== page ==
MG: So, the first time I met Gloria was after I ran the London marathon. And it was a meeting between me, Gloria, Jennifer Weiss-Wolf and Miki Agrawal at Gloria’s home on the upper east side of Manhattan. She’d invited the three of us over because we each were tackling menstrual health through different lenses: mine was through my music and activism, and Nikki’s was through the company that she had built called Thinx, which is period underwear, and then of course Jennifer Weiss-Wolf through policy and actually fighting to combat the tampon tax in [New York state].
Meeting Gloria was powerful because this is someone who’s been doing this work for decades and is so brilliant and leads with love and leads with kindness and leads with intelligence and she still has that energy all these years later. She still radiates with this beauty; she’s very beautiful—and I don’t mean that in a Hollywood way, I really mean it in a soul-shining way. So seeing her again and being able to DJ and watch her dance, that felt really rewarding when I did the Ms. Foundation gala [in 2017]. And I don’t know if she’ll be watching tomorrow, but I hope she does and I hope to play some songs that make her dance.
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KJS: I want to talk a little bit about your feminist awakening. I know that seeing strong women in music and in pop culture had really helped you in this exploration. I’m curious: How would you describe your feminism?
MG: I would say my feminism comes from a place of positivity. It comes from a place of love. It comes from a place of valuing the feminine and what feminine energy brings to the table.
I think we are constantly aspiring to masculine standards, instead of being brave enough to see what it is that femininity brings to the table. I’m interested in valuing emotional intelligence and valuing collaboration instead of reaffirming these problematic norms that come out—like brute force aggression and competition and things that are constantly reaffirmed by patriarchal norms today.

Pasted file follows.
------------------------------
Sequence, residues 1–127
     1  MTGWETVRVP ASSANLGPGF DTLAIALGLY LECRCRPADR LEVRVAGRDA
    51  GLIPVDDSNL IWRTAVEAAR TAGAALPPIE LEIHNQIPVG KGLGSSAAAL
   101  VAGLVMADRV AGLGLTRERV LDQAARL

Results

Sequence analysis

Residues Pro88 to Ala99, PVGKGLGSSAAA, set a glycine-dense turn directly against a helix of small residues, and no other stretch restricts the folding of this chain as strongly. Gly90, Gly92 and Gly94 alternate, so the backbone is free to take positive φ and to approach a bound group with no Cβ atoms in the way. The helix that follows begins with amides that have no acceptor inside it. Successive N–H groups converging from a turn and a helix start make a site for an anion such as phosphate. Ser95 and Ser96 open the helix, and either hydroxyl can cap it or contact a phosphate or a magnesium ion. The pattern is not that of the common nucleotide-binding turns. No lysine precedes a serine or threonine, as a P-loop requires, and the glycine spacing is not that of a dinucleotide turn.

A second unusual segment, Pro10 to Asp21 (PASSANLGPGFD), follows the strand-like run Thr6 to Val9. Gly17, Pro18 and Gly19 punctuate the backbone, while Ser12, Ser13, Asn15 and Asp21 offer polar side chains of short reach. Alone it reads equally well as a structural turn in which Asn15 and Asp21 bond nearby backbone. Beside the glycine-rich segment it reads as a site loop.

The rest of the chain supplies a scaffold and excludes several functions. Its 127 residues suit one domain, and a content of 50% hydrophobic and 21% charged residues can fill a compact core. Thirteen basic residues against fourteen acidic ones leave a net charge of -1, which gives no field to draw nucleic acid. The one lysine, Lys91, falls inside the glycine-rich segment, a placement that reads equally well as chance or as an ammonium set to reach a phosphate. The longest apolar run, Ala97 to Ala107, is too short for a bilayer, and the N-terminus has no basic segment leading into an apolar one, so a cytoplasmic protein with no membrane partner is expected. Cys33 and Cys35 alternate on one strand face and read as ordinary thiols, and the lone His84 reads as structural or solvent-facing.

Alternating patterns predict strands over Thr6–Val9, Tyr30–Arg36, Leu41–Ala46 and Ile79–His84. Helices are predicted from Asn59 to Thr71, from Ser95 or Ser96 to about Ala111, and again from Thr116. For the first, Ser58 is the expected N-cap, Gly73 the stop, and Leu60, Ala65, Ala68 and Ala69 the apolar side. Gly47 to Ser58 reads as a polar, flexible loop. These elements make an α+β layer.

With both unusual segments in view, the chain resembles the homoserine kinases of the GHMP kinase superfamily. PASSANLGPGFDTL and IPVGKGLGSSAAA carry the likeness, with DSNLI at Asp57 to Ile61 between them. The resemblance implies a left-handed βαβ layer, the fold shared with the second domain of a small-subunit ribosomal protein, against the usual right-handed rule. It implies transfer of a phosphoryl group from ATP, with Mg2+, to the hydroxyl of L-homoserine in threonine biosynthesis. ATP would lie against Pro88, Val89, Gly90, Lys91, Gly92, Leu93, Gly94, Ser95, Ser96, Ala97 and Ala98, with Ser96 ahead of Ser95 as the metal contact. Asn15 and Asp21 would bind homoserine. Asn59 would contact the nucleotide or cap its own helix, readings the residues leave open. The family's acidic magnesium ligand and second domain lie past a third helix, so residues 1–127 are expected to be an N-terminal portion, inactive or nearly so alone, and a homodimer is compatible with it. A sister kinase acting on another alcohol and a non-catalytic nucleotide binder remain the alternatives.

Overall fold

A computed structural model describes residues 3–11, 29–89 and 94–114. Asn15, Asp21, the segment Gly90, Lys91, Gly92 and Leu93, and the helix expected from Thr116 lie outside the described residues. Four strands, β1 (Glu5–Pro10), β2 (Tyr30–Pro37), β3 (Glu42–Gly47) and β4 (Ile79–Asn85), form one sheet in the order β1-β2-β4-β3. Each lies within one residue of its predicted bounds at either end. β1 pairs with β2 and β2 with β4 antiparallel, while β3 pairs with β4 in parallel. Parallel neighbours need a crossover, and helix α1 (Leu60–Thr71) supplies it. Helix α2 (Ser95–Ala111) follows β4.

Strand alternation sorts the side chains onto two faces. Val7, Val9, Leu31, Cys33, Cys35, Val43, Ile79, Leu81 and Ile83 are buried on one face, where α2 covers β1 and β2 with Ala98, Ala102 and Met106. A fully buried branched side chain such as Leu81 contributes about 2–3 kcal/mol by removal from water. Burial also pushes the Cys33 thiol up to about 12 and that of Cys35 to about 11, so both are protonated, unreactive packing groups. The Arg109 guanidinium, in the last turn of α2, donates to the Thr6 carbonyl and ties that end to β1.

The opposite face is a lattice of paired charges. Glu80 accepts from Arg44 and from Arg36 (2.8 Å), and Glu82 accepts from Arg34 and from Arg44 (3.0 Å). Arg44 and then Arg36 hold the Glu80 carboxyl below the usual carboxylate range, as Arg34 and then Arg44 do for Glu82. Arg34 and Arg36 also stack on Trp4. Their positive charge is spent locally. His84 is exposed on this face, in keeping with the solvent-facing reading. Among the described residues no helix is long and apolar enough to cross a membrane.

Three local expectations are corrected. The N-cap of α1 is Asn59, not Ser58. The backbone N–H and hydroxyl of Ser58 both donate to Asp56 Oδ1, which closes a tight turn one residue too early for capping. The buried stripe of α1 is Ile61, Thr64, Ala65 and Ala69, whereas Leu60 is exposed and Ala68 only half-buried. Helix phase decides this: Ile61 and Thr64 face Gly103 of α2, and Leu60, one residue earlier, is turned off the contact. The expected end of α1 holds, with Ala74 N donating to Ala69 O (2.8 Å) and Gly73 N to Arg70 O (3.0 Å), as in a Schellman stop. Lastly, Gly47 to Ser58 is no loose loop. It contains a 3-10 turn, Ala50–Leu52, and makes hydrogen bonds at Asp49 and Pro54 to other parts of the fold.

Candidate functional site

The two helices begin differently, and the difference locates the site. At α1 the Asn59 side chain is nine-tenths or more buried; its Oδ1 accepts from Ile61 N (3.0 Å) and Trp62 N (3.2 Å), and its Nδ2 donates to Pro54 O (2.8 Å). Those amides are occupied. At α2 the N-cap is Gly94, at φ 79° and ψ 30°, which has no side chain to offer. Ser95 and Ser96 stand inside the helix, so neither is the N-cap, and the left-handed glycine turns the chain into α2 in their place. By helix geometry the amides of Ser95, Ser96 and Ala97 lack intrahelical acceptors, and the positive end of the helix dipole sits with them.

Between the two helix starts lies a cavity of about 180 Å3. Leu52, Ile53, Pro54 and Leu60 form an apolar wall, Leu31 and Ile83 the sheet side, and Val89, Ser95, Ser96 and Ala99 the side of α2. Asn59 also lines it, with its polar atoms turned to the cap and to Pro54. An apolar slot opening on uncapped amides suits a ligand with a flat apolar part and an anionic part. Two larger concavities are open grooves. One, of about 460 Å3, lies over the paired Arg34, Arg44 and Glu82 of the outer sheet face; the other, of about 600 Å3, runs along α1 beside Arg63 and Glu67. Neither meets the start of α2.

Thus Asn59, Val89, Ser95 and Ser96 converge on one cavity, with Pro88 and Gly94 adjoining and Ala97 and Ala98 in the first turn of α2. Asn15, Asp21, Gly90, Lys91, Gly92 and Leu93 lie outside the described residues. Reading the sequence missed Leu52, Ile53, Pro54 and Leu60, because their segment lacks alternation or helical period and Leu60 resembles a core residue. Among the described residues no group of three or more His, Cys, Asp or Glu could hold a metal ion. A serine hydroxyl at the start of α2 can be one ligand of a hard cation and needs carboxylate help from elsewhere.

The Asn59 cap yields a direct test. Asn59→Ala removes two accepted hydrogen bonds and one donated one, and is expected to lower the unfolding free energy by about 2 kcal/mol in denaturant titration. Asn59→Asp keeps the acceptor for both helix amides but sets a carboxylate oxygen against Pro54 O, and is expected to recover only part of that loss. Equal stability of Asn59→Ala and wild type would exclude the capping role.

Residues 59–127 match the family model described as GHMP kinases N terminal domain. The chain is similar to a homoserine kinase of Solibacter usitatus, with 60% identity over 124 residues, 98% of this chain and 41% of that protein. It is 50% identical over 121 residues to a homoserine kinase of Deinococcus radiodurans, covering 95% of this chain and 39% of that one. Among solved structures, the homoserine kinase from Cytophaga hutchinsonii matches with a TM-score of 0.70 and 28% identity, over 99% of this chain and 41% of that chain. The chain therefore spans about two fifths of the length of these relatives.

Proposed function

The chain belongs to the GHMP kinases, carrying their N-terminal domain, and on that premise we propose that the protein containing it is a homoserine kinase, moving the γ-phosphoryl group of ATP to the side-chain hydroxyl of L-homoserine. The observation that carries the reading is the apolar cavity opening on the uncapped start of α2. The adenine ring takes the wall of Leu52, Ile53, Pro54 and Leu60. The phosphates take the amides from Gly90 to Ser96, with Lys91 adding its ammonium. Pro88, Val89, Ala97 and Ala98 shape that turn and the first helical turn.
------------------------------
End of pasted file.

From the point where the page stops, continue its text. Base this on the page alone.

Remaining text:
So my feminism really is about valuing the feminine regardless of gender identity.
And then the second is using social media, and the fact that in this fourth wave, we have social media to really unify people around gender liberation and gender-nonconformity.
KJS: It’s such a great tool.
You mention brute-force patriarchy and you don’t have to look any farther than COVID and how it’s been monumentally mishandled! And we see, as usual, the effects are felt most by women and those of other historically marginalized populations, and this is devastating. But Sonya Renee Taylor, in the virtual commencement event you did with her last week—which was awesome, by the way—she and others have mentioned that we don’t want to go back to the “norm” before COVID.
MG: Right, it was problematic!
KJS: Right, because the “norm” is patriarchy, is violent, is individualistic, is consumerism—so I wonder if we can look at COVID as presenting us with opportunities for change. What role do you see feminism or women more generally playing in that change-making?
MG: I think it’s the bravery to genuinely seek the best outcome for as many people as possible. The political system forces most politicians to have to think about their own re-election, their own candidacy, instead of just thinking about optimizing for the greater good. I think there is a feminine spirit, maybe it’s the fact that we are mothers—there’s something about the feminine spirit that calls for care.
And like I said, the more that that spirit wins out and is effective, the more all genders adopt that spirit. It shouldn’t be a feminine thing, it should be something that everyone aspires to have. But unfortunately, we are in such a world that takes so much offense to being feminine, that we try not to be. We try to perform aggression or violence even when we can clearly see it’s not working.
I think that fluid forms of business wanting to unlock value, and believing that it’s possible to unlock value for all parties involved, is something that I really enjoy and prioritize instead of trying to think of how we can exploit the other party for our own gain. That’s not sustainable and it only hurts us in the long run.
So these are some of the ways that I would love to see a shift in a post-COVID world. I really do think we are experiencing a feminization of the planet with the fact that we can’t go out and use our cars, or the fact that nature is rejuvenating because we are manufacturing less and consuming less.